1. Preheat the oven to 350º.
2. Grease and flour 8X8X2 cake pan.
3. Put the milk in a small saucepan over medium heat—
DO NOT BOIL. Remove it from the heat when tiny
bubbles form around the edge—it is "scalded".
4. While the milk is heating, break the eggs into a
medium-sized mixing bowl and beat until light yellow
and creamy. Use an electric mixer if possible.
KEEP A CLOSE WATCH ON THAT MILK
5. Add the sugar and beat until thickened.
6. Sift the dry ingredients and add them to the sugar
and egg mixture, about half at a time, mixing well after
7. Add the vanilla and mix it in well.
8. Add the butter or margarine to the hot milk and pour
it all into the cake mixture.
9. FOLD it gently until the milk is mixed in.
10. Pour the batter into the greased and floured pan
and bake it 20-30 minutes or until done, using the
The batter for Nanny's Hot Milk Cake may be used
to make cup cakes. Fill small greased muffin tins
about 2/3 full and bake about 10-15 minutes.
This recipe comes from a cookbook
called "Pepper Makes Me Sneeze" which one of
my aunts in Nova Scotia gave me or maybe my mom
brought back as a gift from one of her trips. I've had
it since about 1978 (also its copyright date). The book
features a mascot called "Indigo Proboscis" ("Bluenose")
who is described on page 9 with the following ode:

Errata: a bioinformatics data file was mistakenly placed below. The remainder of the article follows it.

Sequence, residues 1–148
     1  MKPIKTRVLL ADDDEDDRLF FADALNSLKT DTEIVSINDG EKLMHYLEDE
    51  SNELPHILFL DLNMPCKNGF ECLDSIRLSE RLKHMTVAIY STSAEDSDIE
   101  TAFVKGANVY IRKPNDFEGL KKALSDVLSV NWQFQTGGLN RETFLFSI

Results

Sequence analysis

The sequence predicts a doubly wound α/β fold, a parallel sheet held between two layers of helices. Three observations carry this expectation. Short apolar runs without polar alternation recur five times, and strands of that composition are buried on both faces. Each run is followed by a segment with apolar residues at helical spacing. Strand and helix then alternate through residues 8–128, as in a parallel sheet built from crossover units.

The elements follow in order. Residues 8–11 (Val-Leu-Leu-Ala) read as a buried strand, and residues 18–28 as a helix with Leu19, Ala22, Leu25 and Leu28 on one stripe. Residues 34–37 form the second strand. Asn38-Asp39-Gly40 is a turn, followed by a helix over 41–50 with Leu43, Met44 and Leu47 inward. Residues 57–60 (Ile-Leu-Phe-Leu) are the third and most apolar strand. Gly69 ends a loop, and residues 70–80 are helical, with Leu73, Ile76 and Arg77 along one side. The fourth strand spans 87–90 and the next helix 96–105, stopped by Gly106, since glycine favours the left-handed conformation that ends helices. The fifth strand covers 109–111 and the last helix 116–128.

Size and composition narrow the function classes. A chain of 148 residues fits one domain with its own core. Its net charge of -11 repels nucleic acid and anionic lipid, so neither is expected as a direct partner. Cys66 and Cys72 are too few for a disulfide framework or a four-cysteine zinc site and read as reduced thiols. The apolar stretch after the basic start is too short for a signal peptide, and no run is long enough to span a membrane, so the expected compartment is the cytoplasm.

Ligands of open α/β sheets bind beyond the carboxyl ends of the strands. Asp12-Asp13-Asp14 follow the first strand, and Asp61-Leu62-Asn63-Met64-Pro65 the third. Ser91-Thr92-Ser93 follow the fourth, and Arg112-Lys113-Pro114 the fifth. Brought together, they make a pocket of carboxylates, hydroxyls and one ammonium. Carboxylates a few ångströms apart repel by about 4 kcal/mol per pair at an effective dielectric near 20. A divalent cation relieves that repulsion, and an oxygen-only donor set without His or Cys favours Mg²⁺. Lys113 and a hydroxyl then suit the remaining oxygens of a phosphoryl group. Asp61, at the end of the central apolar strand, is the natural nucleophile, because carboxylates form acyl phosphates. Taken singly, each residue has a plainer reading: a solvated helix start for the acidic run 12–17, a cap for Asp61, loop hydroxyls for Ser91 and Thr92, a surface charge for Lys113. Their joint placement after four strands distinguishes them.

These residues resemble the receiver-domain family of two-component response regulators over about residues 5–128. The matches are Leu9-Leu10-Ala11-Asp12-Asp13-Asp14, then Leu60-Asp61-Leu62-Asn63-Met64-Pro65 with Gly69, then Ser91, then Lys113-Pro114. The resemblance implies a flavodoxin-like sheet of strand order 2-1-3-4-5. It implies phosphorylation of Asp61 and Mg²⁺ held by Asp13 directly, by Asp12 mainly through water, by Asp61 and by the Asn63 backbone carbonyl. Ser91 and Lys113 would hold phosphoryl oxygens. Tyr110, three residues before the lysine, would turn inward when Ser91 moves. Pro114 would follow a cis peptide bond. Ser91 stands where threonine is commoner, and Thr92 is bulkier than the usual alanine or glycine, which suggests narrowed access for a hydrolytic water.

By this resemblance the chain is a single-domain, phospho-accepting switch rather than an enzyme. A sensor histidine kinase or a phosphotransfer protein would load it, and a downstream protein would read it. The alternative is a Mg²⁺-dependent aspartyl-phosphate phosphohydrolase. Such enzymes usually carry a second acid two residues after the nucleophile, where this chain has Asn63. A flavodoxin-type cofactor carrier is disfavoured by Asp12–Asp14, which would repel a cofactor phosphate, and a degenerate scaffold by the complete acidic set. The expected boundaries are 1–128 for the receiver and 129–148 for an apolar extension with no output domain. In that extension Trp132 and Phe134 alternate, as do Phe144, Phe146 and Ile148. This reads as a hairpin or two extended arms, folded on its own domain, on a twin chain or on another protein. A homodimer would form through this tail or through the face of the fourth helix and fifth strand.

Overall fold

He cooks the most amazing souse,
This chef beside the ocean.
Is a Nova Scotian.
Hairy noodles hanging down,
Apfelschnits and fungy;
Digby chickens everywhere,
Looskoonigan on Monday.
Let's have tea and sauerkraut,
Succotash and cheese;
Poutine a trou and bannock,
Pepper makes me sneeze.
Indigo will help you cook,
Then off to greater heights;
Leaps of neaps and tatties,
Kohl Cannon in big bites.
I pretty much only perused the dessert section
of this book and discovered this recipe for cake,
which soon became a family favorite. Many days after
school I would make a Nanny's Hot Milk Cake,
and the four of us would have it for dessert that night.
The next morning, we'd polish it off for breakfast.
I remember one time that it fell and I tried to hide
it by layering about two inches of icing in the middle.
Aileen came home from school and discovered what
I'd done. Then she taught me the way to fix a fallen
cake. We took all the icing off, cut the cake in half,
and made it into a layer cake, alternating the
"fallen" parts so it fit together and was almost square.
Then we iced it again.
There's just something about a Nanny's Hot Milk
Cake—they never last for more than 24 hours.
Aileen goes wild for this cake. It has a very unique flavor
that's addictive, and easy directions that any kid old
enough to use the stove should be able to follow easily.